ATHENS – Turkey vowed Tuesday to press ahead with searching for oil and gas in the eastern Mediterranean Sea, saying it plans to issue new exploration licenses for the area despite an escalating dispute with Greece over drilling rights.
Greece's foreign minister, meanwhile, called for an emergency meeting of the European Union's Foreign Affairs Council “on the subject of the growing Turkish provocation and delinquency.”
Tension has increased between NATO allies Greece and Turkey, both of which have warships shadowing a Turkish research vessel that was sent to carry out seismic research for energy resources in the eastern Mediterranean in an area Greece says is on its continental shelf.
Greek Foreign Minister Nikos Dendias called on Turkey “to immediately withdraw from the Greek continental shelf,” saying that “we make clear that Greece will defend its sovereignty and its sovereign rights.”
Dendias said he had called for the EU's foreign ministers to meet “at a time when there is a clear Turkish threat to peace and security in the eastern Mediterranean, Greece and Cyprus.”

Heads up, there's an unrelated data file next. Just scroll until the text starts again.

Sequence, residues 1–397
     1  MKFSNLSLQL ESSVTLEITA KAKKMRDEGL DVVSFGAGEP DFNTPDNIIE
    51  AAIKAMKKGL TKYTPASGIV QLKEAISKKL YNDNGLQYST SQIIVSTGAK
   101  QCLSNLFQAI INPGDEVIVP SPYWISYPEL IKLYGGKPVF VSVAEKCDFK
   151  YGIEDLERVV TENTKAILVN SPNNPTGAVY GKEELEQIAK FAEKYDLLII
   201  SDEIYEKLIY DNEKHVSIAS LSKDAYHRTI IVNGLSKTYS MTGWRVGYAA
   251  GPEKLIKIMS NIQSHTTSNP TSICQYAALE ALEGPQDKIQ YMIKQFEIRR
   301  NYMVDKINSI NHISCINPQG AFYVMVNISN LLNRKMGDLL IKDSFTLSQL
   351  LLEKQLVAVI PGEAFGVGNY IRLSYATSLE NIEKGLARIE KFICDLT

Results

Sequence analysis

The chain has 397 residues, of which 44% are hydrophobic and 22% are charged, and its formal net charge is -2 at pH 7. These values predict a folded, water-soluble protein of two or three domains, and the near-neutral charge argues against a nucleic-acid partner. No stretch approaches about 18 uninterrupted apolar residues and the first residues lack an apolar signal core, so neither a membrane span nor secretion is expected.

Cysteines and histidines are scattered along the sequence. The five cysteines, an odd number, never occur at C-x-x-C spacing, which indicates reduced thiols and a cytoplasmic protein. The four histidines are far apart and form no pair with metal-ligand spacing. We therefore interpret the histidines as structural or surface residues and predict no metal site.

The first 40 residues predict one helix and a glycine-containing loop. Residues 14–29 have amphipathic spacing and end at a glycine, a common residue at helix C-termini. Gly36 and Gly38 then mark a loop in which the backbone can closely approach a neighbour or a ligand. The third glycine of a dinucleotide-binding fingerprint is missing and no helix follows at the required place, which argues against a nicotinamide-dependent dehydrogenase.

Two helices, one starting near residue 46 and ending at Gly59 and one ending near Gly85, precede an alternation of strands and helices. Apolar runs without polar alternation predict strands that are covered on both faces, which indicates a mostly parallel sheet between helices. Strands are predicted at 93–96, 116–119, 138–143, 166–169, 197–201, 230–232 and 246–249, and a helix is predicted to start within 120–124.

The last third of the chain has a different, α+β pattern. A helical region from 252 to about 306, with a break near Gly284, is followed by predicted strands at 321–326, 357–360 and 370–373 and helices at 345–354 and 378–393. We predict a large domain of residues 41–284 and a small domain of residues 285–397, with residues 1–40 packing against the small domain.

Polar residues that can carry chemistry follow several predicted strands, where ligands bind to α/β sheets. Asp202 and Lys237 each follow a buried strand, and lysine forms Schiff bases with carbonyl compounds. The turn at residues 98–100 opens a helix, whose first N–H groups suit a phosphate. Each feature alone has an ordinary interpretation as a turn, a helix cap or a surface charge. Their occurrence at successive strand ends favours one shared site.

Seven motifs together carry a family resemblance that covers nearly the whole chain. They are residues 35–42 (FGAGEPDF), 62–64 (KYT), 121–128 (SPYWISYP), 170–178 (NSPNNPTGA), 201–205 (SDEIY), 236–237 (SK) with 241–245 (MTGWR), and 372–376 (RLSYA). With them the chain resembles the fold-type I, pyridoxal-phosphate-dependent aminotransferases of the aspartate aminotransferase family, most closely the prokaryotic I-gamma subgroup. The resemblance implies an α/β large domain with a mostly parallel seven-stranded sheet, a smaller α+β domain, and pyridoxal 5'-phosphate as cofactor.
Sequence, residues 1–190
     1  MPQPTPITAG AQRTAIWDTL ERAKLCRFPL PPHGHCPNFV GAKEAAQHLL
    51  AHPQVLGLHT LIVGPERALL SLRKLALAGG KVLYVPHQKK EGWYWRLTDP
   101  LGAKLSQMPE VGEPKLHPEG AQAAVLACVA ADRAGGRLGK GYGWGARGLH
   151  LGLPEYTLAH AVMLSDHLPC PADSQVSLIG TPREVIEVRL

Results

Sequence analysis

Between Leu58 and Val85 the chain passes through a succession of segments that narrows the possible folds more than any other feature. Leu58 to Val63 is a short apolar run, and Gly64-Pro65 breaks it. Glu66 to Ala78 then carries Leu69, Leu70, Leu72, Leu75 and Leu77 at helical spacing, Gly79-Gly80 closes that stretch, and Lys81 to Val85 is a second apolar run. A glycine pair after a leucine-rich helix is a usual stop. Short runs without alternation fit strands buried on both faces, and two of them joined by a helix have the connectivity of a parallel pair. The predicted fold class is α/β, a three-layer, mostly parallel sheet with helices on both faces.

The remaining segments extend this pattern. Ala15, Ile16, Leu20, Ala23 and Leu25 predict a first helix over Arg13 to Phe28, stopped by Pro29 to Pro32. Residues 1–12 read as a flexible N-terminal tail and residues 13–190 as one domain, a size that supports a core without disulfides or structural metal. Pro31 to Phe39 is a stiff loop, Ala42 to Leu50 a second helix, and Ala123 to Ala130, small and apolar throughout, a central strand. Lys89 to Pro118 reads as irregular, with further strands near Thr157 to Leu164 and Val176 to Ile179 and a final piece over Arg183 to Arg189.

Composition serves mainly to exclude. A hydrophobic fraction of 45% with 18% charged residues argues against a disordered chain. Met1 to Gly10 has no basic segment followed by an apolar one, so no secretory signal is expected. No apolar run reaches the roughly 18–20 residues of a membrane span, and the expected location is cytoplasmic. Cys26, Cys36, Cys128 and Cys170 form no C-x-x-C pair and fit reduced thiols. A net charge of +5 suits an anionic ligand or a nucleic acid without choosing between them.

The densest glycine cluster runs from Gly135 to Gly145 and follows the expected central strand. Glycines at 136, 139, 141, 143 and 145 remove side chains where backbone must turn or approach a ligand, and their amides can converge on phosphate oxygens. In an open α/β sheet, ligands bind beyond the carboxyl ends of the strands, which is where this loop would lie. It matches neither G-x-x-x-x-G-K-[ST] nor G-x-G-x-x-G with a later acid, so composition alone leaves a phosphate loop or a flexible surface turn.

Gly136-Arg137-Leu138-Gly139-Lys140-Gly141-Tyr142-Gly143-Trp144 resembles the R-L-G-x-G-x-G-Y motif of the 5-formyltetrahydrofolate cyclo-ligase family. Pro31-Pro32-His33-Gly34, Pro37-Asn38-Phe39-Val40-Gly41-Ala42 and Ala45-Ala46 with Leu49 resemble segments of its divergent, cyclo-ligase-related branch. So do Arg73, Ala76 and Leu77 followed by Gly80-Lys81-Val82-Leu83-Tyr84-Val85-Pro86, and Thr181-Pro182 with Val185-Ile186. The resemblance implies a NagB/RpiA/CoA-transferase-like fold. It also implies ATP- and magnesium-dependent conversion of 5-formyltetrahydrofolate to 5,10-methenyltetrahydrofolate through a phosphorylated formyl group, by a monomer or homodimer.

Earlier Tuesday, Turkish Foreign Minister Mevlut Cavusoglu said Turkey planned to conduct search operations “on the western edges” of Turkey’s continental shelf. He said the work would be done on behalf of both Turkey and Turks in ethnically divided Cyprus, which also has objected to Ankara's exploration activities.
“We are fully determined to continue our seismic research and drilling efforts,” Cavusoglu said during a joint news conference with his visiting Azerbaijani counterpart. “We will defend to the end the rights of Turkey and of Turkish Cypriots in the Eastern Mediterranean and in Cyprus, and we will make no concessions.”
The Turkish government announced on Monday that its research vessel Oruc Reis and two support vessels would be operating in the Mediterranean Sea between Cyprus and Greece until Aug. 23. The vessel arrived in the area Monday morning, escorted by Turkish warships.